Quick one today. First, before getting to the good news, I want to make a quick diversion to Monday's Brewers-Pirates game. The headline on ESPN happened to catch my eye, and it turned out they had a bench-clearing brawl prompted by a hit batter. Anyway, Milwaukee catcher Jason Kendall got into it with the Pirates pitching coach, Joe Kerrigan, before being held back and calmed down. No big deal, except it led to one of the funniest paragraphs I've ever read on ESPN. Here it is, from the recap:
"I was fine until [Kerrigan] started yelling at me," said Kendall, who kept intentionally mispronouncing Kerrigan's name. "I can take a lot, but I'm not going to get yelled at."
This stopped me in my tracks at work, and I started laughing out loud. People often claim to have laughed out loud by themselves at something, and 99% of the time they're probably lying. Laughter is a social function, and if the rest of humanity is anything like me, humor experienced alone is more often appreciated than laughed at. In that sense, the abbreviation "lol" is the biggest lie going. Of all the times "lol" has been typed, I bet it's been factual less than 10% of the time, and that's a conservative estimate. Harmless, sure, but purely by the numbers it must take the crown as society's most wide-spread deception.
But I swear to you, that preceding paragraph produced a shocked exhalation followed by a steady cackle. "Kendall kept intentionally mispronouncing Kerrigan's name." Maybe it's because adults acting with flagrant immaturity is hilarious to me. The scene in "The Royal Tenenbaums" where Royal calls Henry "Coltrane," and then immediately denies having done it, always cracks me up.
I don't know much about Jason Kendall, but he just rocketed up to my top ten favorite athletes. How do you think he mispronounced "Kerrigan." Was it as simple, and stupid, as "Kerry-gan" instead of "Kerr-ih-gan"? Or do you think he went for some homophobia with "Kerry-GAY-n"? Maybe he just delved into absurdity and chose "Kerr-EYE-gan." This should have been clarified in the article.
Regardless, classic move by Kendall. Whatever thought process led him to think he was totally dissing Kerrigan by mangling his last name in the interview is a mental train I'd like to ride. It's funny if it was ironic, it's funny if it was choleric, it's funny if it was corny. You're okay in my book, Kendall. Here's a picture of you probably grabbing your balls.
On to the Yanks. I watched yesterday's game, and I need to make a quick mention of YES announcer Ken Singleton. Michael Kay gets most of the broadcasting press, both positive and negative, since he's such a large personality, but Singleton has quietly become a terrific presence in the booth. A former All-Star and World Series champion, he brings the perfect balance of professionalism, experience, and humility to the job, always on the mark with the player's perspective, but never overshadowing the game. His voice is an easy-going baritone well suited to the smooth, slow pace of a baseball game.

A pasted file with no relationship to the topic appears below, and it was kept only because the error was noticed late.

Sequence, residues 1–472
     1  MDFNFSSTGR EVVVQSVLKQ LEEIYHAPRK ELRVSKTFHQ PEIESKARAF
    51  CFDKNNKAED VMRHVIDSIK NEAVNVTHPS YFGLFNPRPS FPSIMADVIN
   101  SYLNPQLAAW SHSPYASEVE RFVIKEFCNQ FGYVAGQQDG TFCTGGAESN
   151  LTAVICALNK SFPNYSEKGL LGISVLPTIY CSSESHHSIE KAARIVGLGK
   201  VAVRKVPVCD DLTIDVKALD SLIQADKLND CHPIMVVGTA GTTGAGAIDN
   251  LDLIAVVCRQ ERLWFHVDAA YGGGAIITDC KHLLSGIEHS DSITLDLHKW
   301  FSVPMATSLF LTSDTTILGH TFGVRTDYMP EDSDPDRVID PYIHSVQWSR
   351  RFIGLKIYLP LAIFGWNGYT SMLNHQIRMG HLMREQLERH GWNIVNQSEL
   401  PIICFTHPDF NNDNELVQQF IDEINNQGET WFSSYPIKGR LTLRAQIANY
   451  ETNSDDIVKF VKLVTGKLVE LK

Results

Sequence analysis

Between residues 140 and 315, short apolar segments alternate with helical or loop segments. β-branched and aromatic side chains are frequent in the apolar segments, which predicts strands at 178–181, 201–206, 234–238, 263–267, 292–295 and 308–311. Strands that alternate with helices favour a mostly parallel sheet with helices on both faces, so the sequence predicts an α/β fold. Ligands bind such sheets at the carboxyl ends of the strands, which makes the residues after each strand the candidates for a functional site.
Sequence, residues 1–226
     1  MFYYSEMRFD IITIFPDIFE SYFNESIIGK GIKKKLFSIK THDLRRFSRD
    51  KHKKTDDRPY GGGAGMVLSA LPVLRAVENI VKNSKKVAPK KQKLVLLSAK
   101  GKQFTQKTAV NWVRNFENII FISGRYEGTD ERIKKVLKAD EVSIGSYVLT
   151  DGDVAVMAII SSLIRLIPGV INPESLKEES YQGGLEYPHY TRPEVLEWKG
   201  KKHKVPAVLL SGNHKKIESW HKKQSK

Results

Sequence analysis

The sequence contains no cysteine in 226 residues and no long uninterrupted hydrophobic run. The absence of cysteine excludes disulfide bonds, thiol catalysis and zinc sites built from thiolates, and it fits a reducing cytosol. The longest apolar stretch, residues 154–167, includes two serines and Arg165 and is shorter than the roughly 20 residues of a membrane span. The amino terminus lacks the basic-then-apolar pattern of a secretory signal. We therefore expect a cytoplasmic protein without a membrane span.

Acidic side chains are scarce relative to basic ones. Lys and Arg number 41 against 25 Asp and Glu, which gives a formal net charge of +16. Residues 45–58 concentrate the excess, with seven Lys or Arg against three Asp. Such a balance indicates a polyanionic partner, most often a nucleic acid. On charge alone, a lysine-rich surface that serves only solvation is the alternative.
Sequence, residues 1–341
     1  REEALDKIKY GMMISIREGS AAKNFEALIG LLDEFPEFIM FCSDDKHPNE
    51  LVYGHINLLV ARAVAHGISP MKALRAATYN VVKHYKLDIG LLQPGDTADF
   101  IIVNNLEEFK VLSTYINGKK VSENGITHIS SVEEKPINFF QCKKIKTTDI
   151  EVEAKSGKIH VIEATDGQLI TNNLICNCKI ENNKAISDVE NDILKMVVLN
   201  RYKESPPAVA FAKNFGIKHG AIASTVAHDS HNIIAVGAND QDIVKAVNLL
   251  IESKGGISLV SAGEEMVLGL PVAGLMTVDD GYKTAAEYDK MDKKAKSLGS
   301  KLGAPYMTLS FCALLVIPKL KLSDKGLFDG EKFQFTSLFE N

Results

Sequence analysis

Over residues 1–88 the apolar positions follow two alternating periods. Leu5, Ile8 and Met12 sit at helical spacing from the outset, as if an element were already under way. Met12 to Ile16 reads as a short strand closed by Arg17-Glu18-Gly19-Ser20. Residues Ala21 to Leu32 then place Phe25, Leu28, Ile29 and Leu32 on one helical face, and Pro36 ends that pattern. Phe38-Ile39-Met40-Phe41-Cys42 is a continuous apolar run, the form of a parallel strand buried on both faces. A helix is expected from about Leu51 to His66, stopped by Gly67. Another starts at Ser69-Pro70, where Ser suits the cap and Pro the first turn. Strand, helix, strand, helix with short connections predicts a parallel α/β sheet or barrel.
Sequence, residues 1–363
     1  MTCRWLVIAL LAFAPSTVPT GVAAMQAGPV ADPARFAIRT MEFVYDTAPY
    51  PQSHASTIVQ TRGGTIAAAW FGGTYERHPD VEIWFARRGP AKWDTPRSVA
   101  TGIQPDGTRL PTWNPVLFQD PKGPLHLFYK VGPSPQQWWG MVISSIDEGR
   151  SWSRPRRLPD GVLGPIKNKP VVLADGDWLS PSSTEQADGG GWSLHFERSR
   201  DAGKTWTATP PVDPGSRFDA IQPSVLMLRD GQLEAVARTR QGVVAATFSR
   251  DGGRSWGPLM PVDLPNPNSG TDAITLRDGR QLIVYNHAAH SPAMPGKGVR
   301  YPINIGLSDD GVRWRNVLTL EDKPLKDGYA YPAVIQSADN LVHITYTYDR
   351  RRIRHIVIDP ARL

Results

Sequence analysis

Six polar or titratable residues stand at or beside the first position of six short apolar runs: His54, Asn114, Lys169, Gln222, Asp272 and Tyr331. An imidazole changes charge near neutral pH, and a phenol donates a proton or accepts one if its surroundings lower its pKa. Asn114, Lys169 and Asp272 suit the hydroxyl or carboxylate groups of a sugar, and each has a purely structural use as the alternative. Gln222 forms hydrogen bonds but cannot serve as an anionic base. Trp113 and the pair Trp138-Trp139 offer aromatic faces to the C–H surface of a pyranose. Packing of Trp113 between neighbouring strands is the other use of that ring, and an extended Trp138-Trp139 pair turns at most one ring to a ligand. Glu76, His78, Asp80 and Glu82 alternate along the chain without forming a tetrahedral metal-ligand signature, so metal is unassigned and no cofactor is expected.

He's also very intelligent, and not in the bombastic style of Kay. Yesterday, after a discussion of the travel times teams in baseball faced, he paused. "I've got a question for you, Michael," he said. "I've always wondered...how would our country be different if it was discovered from west to east? How do you think it would've affected America's psyche?"
Obviously, this is not a topic you'll typically encounter during a baseball game. But you know what? It's a really fucking good question. Unanswerable, of course, but as far as food for thought goes, it's pretty fascinating. It's little philosophical departures like this that make me love Singleton. I enjoy knowing that he ruminates about these subjects in his free time, and isn't afraid to broach them on air. Of course, Kay's pithy response was "well, I think the Dodgers would be here in New York." It was typical Kay; clever, dismissive, funny, and obnoxious. It also shifted the focus right to his wheelhouse: himself. Singleton laughed, and the topic was dropped.
Anyway, here's to you Ken. I hope you're around for the next thirty years.
The Yanks are in first! The Yanks are in first! I won't make the outright prediction that we'll hold it for the rest of the year, but barring serious injuries, it'll be damn hard to wrench it from our grasp. This is a quality club with a quality manager and a superb bullpen.
Afternoon game today, which always makes work easier to bear. AJ Burnett, hot of late, goes up against Oriole pitcher Jason Berken, sporting a 1-7 record to complement his 6.44 ERA. Needless to say, we should complete the sweep with ease, and needless to say, this is a trap game. It always seems like these 'sure things' never quite work out like they should on paper. But Go Yanks!